A Toronto-based team of scientists from Princess Margaret Hospital recently published a groundbreaking paper in Science on the tumour suppressor gene PTEN. The discovery explains important molecular mechanisms of PTEN and helps strengthen the foundation of personalized cancer treatment.

The team investigated the effect of PTEN loss and deregulation by manipulating human and animal cancer cells. Additional experiments also uncovered that, when subject to radiation and genotoxic substances — both of which are essential conditions of conventional cancer treatments ­— cells produce different responses, leading to various survival rates, depending on the cells’ proficiency or deficiency in PTEN.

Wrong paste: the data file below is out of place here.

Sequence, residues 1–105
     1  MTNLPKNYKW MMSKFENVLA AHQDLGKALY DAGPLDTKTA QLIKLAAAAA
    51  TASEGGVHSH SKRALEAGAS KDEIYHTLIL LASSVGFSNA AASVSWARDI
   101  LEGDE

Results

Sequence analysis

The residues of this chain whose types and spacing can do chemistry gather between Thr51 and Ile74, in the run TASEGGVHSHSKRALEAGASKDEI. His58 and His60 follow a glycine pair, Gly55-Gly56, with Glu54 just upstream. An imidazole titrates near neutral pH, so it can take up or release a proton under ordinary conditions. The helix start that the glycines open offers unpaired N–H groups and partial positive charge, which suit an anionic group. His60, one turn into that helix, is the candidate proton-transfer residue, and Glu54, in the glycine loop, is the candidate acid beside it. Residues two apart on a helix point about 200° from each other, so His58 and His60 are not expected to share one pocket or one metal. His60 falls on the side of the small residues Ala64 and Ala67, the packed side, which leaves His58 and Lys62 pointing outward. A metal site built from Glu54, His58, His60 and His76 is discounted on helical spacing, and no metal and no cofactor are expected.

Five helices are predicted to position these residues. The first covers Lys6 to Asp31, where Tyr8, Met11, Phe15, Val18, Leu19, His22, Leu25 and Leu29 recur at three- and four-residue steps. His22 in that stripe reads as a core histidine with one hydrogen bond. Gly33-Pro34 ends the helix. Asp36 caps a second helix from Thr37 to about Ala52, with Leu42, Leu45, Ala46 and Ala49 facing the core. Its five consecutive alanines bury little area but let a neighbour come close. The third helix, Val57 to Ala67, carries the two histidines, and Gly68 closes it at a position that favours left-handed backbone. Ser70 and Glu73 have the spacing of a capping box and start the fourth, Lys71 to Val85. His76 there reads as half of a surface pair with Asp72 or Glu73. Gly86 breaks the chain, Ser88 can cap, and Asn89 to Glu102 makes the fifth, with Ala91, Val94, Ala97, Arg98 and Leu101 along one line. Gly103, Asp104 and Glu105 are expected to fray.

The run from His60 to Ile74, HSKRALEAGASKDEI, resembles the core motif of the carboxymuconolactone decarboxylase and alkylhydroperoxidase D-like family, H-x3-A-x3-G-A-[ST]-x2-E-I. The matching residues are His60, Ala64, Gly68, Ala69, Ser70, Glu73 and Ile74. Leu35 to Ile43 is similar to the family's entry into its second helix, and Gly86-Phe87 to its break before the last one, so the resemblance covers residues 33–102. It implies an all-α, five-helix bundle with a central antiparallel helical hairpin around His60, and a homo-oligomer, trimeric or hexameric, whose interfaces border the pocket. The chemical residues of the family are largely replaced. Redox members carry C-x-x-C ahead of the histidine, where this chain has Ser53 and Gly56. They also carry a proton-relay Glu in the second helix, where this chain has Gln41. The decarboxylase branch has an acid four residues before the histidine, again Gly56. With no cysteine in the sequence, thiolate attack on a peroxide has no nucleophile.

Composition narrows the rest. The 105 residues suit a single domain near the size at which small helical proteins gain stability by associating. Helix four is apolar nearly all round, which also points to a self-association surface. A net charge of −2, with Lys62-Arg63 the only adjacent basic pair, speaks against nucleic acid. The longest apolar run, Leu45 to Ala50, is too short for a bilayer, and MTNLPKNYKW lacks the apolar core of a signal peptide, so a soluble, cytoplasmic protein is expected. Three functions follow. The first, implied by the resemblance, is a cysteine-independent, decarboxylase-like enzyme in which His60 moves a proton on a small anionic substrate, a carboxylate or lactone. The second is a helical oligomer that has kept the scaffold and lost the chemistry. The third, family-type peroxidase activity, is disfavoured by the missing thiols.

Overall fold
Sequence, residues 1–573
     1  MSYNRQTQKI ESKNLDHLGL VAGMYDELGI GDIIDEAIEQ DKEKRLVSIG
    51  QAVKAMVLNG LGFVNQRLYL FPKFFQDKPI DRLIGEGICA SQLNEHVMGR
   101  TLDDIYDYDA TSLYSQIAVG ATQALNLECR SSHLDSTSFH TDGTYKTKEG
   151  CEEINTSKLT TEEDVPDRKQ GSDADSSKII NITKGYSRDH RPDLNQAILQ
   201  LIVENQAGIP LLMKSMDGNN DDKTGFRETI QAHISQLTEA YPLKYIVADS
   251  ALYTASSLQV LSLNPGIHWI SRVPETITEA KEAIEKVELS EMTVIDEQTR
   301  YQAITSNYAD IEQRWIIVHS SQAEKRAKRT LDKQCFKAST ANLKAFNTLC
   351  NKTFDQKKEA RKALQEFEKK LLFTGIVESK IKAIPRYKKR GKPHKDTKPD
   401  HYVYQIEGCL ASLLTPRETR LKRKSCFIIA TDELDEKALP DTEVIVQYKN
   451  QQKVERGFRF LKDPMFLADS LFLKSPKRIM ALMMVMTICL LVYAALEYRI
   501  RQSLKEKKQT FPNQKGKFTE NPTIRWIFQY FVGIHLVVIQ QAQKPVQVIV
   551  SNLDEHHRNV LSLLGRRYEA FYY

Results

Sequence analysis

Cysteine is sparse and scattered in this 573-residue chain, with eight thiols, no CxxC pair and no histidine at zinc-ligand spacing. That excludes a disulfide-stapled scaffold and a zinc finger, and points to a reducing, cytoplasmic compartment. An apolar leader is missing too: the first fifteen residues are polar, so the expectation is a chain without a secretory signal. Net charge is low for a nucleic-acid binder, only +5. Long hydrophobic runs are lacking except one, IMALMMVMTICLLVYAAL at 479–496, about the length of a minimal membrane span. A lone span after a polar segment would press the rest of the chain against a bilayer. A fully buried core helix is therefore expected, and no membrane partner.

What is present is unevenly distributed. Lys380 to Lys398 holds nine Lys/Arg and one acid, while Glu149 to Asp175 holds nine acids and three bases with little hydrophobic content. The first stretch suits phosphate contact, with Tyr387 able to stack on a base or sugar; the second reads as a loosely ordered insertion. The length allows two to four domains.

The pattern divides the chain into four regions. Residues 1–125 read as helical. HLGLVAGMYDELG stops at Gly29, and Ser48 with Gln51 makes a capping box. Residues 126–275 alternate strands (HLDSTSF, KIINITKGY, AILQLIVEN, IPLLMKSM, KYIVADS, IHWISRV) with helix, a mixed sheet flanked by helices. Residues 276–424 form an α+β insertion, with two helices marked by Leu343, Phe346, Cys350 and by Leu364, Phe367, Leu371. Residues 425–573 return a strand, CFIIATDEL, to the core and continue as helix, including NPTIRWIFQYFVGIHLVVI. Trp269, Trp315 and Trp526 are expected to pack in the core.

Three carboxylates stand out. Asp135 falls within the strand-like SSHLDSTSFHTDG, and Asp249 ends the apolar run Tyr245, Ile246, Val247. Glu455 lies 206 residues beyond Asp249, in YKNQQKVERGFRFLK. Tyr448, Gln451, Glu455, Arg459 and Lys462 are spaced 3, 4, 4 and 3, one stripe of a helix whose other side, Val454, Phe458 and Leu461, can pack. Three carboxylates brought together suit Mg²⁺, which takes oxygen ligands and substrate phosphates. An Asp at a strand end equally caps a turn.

In an interview with Science Codex, Dr. Vuk Stambolic commented that this difference may account for the apparent ineffectiveness of traditional chemotherapy and radiation on some tumors, since PTEN is “defective in as many as half of all advanced cancers.” The principal investigator of the team, Dr. Stambolic is an Associate Professor in the Department of Medical Biophysics at U of T.

The new finding will be a useful tool for clinicians when making  treatment decisions. With tests for PTEN deficiency already developed, clinicians can now devise more effective therapies based on the PTEN property of the cells.


With files from ScienceCodex and Science

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